“We believe the Astana Summit will be the last to determine the legal status of the Caspian Sea,” Azerbaijani Deputy Foreign Minister Khalaf Khalafov said on March 5, according to anAzerbaijan Press Agency (APA) report. Khalafov said the sides are hoping for the approval of the draft convention at the summit. “Once the convention is approved, there is going to be more work. There will be new summits which focus on the discussion of economic, security and communication issues. The sides have agreed to hold the summit in 2016, but the exact date will be decided by the presidents,” Khalafov noted.
Askar Mamin, president of Kazakhstan Temir Zholy, chaired the first working meeting of the Coordination Committee of the Trans-Caspian International Transport Route (TITR), held Jan. 28 in Baku, Azerbaijan. The issues of setting competitive rates to transport goods and setting a rate to organise container transportation of goods across the TITR were addressed at the meeting. In addition, the sides agreed to take measures to organise container transportation of goods along the China-Kazakhstan-Azerbaijan-Georgia-Turkey route and use the new Zhezkazgan-Beineu railway, the capacities of the Aktau seaport and the Akhalkalaki-Kars railway, which is presently under construction. Mamin was reelected as chairman of the TITR Coordination Committee for 2015. Representatives of Kazakhstan Temir Zholy, Turkish State Railways, Azerbaijan Railways LTD, Georgian Railway LLC, International Seaport of Aktau, Baku International Sea Trade Port, Azerbaijan Caspian Shipping Company CJSC and Batumi Sea Port LLC took part in the meeting.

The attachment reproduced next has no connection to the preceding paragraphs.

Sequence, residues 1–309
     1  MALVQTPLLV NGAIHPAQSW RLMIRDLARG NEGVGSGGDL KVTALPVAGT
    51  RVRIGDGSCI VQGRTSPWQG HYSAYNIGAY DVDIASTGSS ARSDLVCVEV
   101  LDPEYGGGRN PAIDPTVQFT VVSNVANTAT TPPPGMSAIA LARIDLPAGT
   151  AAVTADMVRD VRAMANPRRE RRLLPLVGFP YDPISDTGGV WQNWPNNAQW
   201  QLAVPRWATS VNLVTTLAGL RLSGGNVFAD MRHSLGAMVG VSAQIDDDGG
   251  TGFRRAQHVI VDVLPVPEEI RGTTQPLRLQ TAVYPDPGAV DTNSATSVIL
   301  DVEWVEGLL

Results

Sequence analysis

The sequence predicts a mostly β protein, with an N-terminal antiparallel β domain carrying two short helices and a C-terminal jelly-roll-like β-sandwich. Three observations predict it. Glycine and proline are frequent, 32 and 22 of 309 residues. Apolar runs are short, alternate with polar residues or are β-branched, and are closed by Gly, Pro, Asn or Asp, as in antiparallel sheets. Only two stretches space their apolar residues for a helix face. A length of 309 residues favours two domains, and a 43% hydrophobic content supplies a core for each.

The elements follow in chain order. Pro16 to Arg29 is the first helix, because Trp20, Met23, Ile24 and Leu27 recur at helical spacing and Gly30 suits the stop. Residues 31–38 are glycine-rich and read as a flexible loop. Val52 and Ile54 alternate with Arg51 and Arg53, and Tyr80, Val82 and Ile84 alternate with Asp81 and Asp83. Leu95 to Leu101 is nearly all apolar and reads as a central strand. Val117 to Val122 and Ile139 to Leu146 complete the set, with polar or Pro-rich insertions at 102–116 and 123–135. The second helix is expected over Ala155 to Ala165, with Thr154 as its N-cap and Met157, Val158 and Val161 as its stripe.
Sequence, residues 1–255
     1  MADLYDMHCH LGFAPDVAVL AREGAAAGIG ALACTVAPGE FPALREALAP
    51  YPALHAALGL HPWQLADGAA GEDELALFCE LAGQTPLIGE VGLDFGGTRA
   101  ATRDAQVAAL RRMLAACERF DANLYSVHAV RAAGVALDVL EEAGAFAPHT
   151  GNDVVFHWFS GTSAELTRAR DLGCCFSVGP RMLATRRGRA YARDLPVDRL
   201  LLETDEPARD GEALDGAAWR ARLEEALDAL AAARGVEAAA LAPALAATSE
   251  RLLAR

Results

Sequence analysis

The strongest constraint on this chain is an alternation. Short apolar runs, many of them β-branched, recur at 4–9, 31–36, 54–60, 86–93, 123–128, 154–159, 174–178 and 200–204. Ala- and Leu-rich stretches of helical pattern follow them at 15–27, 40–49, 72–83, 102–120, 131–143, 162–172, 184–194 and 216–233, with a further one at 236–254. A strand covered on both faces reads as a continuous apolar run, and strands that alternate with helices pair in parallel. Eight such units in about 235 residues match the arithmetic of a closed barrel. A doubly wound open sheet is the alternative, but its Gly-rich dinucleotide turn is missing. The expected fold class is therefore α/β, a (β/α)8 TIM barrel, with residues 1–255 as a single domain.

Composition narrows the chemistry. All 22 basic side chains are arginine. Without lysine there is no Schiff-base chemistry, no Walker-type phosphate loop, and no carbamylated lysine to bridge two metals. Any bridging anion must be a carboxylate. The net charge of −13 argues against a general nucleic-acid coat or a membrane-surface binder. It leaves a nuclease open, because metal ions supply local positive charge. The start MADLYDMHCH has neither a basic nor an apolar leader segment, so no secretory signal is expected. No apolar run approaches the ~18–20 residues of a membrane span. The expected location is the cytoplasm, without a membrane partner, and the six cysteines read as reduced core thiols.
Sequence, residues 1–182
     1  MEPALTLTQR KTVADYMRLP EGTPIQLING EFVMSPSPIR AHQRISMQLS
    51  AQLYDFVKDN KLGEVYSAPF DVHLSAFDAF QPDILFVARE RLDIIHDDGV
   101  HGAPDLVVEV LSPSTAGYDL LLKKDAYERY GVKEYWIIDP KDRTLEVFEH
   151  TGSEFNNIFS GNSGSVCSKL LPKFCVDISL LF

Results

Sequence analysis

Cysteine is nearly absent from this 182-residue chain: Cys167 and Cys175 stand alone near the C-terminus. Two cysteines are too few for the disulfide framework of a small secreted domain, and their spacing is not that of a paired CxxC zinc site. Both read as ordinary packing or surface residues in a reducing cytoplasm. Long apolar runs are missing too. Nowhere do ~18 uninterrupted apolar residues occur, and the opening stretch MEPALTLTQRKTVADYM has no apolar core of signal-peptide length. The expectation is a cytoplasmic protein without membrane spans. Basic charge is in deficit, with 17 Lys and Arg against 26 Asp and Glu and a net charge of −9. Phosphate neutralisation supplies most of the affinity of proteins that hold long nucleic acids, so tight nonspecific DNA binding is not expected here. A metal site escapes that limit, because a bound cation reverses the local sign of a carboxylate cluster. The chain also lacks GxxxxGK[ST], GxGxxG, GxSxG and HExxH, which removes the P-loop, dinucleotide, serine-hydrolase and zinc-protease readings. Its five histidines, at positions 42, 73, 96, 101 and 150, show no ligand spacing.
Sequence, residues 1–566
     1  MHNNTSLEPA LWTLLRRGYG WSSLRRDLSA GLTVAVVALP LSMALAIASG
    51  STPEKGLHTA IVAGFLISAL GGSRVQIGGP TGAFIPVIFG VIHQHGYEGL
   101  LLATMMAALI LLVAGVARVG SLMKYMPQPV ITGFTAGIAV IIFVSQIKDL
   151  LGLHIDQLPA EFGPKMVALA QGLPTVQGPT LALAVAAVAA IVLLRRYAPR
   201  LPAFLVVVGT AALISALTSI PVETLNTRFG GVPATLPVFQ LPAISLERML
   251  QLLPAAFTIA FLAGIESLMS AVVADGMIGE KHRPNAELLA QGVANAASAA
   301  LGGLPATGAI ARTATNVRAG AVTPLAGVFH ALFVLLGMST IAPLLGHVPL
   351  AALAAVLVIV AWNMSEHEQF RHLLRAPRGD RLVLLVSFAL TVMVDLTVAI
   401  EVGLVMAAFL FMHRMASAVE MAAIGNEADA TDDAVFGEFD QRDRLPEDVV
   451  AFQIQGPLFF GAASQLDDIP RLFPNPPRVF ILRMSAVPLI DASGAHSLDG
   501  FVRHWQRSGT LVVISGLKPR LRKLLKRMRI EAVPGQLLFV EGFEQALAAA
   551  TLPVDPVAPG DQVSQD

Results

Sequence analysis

According to Winter Olympics organisers, Almaty will save more than $500 million after several venue changes in its bid for the 2022 Olympics. The officials said they made the project “more efficient” and “more affordable” in line with IOC (International Olympic Committee) reforms aimed at giving organisers more flexibility and reducing the cost of the games. The changes started after the IOC Evaluation Commission visit to Almaty last month and were submitted to the IOC by this week’s deadline. The biggest change is eliminating the planned venue at Shymbulak and Tau Park and relocating all Alpine skiing events to the existing Almatau mountain site. Other changes include moving freestyle ski and snowboard events to the existing Ak Bulak resort, relocating Paralympic ice sledge hockey to another arena, reducing the capacity of the athletes village in Medeo from 1,000 beds to 350 beds and eliminating one of the media villages and sub-press centres. The bid committee said the changes will reduce the construction budget by more than $450 million and the operations budget by more than $100 million. “These revisions, based on the Agenda 2020 reforms, allowed us to save over half a billion dollars while at the same time making our concept … even more convenient and more efficient,” said Almaty bid committee Vice Chairman Andrey Kryukov. With the changes, Almaty said nine of the 13 needed venues already exist.